All real sports have cheaters. It’s human nature to exploit the system and find any way possible to get a competitive edge, be it for monetary gain, glory, fame, or just for fun. Cheating has always been pertinent to Counter-Strike and CS:GO. It’s almost like a small industry working out of esports and its tournaments, offering premium programs and services to other players. The usage of hacks is rampant for quite a long time now which seems no stoppage. Early 2016, saw Valve shutting down 1 million accounts in cheating related cases.

Who faced the heat?

Some of the most controversial cases were of Hovik“KQLY” Tovmassian, a player for team Titan, and Gordon “SF” Giry from another big team called Epsilon. Both were caught by VAC (Valve Anti Cheat) at the same time for using an aim assistance hack for over a week during a tournament. Joseph “Joee” Leigh of Rise Gaming UK, was shut down by VAC. Joee admitted that he purchased a private cheat from a Ukrainian developer under the pseudonym keybode.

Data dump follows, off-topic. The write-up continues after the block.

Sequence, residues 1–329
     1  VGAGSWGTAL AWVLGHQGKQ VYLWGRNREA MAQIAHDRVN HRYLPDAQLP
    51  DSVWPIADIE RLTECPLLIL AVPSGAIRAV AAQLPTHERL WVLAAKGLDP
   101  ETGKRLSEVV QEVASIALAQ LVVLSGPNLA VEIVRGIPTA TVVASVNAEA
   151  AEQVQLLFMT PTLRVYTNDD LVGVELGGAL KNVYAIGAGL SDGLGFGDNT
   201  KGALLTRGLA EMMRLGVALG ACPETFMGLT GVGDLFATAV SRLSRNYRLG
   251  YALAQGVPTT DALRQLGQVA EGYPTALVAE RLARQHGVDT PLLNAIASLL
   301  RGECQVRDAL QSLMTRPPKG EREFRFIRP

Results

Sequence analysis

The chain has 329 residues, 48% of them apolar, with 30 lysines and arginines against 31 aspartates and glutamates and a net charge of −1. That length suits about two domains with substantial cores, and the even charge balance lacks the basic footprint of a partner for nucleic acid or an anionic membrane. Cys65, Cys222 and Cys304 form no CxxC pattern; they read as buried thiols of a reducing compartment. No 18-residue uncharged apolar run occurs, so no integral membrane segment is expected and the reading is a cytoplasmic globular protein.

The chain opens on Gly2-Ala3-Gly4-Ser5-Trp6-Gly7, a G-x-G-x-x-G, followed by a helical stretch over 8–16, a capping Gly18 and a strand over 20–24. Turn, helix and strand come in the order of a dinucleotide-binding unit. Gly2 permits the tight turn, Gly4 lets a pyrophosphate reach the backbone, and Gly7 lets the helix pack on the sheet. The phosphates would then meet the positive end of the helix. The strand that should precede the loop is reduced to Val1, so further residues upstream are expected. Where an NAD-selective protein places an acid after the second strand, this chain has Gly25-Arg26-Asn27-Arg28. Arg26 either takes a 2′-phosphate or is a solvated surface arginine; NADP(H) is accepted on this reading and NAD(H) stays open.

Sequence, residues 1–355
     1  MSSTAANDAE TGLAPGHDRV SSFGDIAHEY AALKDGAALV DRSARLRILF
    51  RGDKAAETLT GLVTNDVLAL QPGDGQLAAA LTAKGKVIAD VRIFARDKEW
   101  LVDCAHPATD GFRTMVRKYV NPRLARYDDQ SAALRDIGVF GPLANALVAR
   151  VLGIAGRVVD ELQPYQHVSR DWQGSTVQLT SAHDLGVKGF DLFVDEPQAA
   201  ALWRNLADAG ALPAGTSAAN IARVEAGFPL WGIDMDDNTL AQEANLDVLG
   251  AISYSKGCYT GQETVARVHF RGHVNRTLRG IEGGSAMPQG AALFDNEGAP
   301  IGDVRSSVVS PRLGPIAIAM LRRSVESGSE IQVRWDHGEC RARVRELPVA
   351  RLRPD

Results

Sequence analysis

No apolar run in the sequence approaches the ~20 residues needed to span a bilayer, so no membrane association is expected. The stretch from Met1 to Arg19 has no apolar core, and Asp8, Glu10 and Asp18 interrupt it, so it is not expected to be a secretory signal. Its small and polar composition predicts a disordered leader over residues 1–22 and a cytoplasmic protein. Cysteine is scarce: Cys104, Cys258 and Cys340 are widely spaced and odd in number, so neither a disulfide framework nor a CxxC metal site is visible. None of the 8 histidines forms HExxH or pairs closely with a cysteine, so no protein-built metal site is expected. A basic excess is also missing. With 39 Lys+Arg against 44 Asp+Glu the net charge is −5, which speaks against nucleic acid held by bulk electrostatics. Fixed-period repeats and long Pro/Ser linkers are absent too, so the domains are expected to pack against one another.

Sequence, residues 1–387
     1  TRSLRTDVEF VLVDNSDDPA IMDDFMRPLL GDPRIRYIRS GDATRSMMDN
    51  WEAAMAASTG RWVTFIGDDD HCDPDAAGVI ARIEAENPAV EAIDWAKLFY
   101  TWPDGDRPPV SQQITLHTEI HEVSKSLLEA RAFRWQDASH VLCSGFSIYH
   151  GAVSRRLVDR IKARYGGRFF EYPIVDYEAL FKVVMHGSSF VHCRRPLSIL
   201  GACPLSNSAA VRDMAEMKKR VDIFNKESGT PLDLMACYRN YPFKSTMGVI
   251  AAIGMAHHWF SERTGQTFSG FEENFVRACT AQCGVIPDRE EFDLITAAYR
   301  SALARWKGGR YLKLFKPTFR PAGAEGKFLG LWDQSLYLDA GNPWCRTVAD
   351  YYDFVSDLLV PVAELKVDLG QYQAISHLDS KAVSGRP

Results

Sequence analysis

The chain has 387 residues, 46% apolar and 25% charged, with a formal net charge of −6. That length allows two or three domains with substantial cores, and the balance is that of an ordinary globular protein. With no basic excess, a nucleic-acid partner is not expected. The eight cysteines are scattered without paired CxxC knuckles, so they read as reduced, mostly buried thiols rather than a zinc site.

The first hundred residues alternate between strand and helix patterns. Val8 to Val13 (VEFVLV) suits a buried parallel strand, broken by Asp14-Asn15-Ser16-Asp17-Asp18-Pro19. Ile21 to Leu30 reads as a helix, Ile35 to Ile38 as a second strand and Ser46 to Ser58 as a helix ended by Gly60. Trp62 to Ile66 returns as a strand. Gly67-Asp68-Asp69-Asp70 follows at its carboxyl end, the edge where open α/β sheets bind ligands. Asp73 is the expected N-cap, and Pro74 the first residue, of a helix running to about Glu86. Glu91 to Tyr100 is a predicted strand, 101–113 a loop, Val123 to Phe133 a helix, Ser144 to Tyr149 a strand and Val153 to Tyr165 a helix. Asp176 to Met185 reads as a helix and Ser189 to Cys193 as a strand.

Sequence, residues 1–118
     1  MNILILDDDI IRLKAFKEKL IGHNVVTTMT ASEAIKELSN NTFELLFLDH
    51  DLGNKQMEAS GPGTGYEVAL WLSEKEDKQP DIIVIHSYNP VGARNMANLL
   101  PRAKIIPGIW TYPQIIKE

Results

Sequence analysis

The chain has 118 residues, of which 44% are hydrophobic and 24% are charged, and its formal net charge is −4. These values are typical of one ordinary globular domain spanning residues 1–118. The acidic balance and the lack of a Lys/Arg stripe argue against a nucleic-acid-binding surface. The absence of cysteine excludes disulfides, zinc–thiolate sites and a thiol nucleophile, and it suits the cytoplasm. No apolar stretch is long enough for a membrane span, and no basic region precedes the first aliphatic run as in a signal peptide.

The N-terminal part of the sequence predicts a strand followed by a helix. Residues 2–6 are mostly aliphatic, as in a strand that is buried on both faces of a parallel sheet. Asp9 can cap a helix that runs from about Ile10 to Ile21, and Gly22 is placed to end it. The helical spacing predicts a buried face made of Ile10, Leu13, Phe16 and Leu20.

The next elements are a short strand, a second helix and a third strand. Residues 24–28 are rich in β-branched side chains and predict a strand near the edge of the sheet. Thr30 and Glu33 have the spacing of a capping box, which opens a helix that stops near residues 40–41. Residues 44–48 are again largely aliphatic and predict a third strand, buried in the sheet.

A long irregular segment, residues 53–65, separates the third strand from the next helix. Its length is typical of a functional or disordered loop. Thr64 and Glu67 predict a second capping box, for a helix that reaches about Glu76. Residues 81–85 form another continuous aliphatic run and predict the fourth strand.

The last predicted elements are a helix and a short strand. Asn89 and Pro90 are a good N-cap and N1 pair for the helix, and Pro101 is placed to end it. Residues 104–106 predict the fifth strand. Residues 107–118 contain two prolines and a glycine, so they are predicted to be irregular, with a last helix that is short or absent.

And many other similar stories happened.

What all hacks are normally used?

The use of wallbots (cheat to see through walls) and aimbots (gives added precision to shots) are in large numbers that it’s difficult to identify a cheat among the top players. Everyone will think that he’s having a great time. Wallbots and aimbots are a pain to track as it comes in layers. The natural skill of a top player camouflages the tiny bit of added accuracy to shots done by the bot. It’s said that around 30–40% of the pros use cheats, but are not caught as it doesn’t appear to be an obvious cheat.

Other minor hacks by casual gamers include fake lag hack- where the player stops mid-air and takes zero damage unless shot at the back. The self-boost hacks which boost the movement speed. The spin bot- where the player spins for a few second at the spawning area. These hacks are so obvious that it can get caught the very moment.

In the case of a suspected hacker

There are cases when a team is beaten hands down in the pistol round itself, and the fishy play is spotted. In such circumstances, tell your team in the very next round, to monitor that particular player for a suspect hacker. By the end of the game, when it’s pretty sure, report that player in conjunction. Chances are that he will be banned after proper inquiry. Resorting to calling him ‘hacker’ all around the chat will not work, stay calm and competitive.

The another option is recording a demo of the game showing the hacker and submitting it to websites like Zengaming, who put the hackers in the spotlight through their Youtube channel.

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